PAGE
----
December 03, 2009Phony Microsoft Update du Jour
As someone whose career consists of converting ideas inside my head into material for consumption by others (in the form of words or software), I think I understand how one malware distributor went off the rails. Sometimes an idea sounds good in your head, but when you try to execute the idea, you discover flaws. The key to success is recognizing and fixing the flaws before exposing your work to the world. One Windows malware distributor ignored that last step.
Exhibit A is an unusually wordy email claiming to originate from Microsoft.com Update Center, titled Critical Security Update. I think the idea inside the miscreant's head was to make the message sound as though this email was a necessary diversion from the usual Windows Update process. But somewhere between his brain and his keyboard, a major snafu occurred:
Dear Microsoft Customer,
Please notice that Microsoft company has recently issued a Security Update for OS Microsoft Windows. The update applies to the following OS versions: Microsoft Windows 2000, Microsoft Windows Millenium, Microsoft Windows XP, Microsoft Windows Vista and Microsoft Windows 7.
Please notice, that present update applies to high-priority updates category. In order to help protect your computer against security threats and performance problems, we strongly recommend you to install this update.
Since public distribution of this Update through the official website http://www.microsoft.com would have result in efficient creation of a malicious software, we made a decision to issue an experimental private version of an update for all Microsoft Windows OS users.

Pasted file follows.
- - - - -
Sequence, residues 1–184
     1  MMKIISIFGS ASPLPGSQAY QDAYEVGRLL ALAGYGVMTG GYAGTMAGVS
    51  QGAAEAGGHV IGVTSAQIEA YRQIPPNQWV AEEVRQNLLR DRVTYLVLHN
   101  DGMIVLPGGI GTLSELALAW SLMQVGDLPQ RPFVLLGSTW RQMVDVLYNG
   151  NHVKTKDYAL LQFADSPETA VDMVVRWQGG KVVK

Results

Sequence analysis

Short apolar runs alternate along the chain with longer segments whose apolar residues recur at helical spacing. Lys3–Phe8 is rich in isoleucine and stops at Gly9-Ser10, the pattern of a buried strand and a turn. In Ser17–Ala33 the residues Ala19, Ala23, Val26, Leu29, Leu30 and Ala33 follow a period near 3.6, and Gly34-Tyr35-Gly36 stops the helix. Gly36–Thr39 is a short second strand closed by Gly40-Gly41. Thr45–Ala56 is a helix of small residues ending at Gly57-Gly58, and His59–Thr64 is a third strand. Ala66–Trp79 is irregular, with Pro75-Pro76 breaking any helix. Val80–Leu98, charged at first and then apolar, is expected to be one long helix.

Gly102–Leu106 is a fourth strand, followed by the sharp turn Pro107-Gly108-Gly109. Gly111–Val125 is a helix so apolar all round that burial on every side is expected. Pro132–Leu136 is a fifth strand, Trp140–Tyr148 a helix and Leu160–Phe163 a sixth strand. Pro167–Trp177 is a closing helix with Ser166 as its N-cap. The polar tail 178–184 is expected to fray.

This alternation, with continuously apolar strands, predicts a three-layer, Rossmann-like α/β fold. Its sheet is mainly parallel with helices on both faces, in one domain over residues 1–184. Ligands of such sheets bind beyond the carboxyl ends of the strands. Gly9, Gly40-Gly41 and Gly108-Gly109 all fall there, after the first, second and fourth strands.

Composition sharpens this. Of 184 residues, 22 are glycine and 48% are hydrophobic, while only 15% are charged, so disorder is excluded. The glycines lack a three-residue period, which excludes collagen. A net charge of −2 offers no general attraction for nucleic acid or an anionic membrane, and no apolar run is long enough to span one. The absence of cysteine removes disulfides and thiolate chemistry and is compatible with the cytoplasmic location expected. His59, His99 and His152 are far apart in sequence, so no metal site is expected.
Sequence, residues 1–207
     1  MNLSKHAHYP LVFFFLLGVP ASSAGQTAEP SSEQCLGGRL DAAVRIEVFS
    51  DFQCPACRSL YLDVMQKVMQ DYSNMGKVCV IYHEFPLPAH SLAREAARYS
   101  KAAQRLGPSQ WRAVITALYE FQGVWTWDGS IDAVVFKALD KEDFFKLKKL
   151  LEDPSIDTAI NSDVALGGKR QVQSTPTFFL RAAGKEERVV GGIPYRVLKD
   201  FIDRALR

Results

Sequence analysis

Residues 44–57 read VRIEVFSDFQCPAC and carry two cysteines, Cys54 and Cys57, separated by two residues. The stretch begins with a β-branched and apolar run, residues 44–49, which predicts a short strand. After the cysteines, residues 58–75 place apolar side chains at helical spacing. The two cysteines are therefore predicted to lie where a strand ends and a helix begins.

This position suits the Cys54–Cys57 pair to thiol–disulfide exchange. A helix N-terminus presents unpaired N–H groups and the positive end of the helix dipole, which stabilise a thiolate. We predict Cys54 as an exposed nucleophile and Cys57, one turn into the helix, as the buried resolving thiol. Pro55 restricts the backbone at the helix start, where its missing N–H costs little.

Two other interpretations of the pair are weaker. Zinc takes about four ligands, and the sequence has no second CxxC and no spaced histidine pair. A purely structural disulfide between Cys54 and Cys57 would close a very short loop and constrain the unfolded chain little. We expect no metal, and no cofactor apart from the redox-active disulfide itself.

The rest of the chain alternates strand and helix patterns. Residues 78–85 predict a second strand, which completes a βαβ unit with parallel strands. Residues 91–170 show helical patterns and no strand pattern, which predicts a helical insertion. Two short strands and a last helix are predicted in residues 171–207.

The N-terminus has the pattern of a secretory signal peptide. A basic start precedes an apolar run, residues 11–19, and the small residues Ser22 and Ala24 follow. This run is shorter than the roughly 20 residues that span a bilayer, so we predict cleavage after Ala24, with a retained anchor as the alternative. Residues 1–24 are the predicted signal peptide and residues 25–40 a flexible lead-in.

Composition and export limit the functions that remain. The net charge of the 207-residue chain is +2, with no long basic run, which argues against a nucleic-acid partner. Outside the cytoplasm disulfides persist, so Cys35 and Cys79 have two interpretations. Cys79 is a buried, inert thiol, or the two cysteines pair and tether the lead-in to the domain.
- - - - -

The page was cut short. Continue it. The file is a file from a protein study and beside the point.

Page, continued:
As your computer is set to receive notifications when new updates are available, you have received this notice.
In order to start the update, please follow the step-by-step instruction:
1. Run the file, that you have received along with this message KB958644-ENU
2. Carefully follow all the instructions you see on the screen.
If nothing changes after you have run the file, probably in the settings of your OS you have an indication to run all the updates at a background routine. In that case, at this point the upgrade of your OS will be finished.
We apologize for any inconvenience this back order may be causing you.
Director of Security Assurance
Doesn't it seem as though the main thrust of this email is to explain why the update is being sent in the mail, rather than downloaded? And yet there is no attachment. Instead, the two links point to a file named Windows-KB958644-ENU.exe on a hijacked Italian web server. Perhaps he believes unsophisticated users will click on anything resembling a link, whether there is an attachment or not (and he's probably right).
I like the unintentionally humorous touch with the last paragraph apologizing for a back order. This line was copied/pasted from another (and old) malicious email that used a delayed shipment of Microsoft Office as the lure (an open-the-attachment-for-details kind of thing).
With a little bit of digging, I eventually got to the bottom of the confusion. You see, this message was used about 14 months ago for a previous malware distribution attempt. That attempt appears to have included an attachment, which followed the message's logic more closely. This year's criminal was too lazy to dream up his own email message — or fully understand the original, for that matter. He did update the list of OS versions to include the new Windows 7, but that's about it. At the start of this posting, I gave the sender way too much credit for having an idea.
Tell every unsophisticated user you know that Microsoft does not send email messages to users about software updates.Posted on December 03, 2009 at 08:59 AM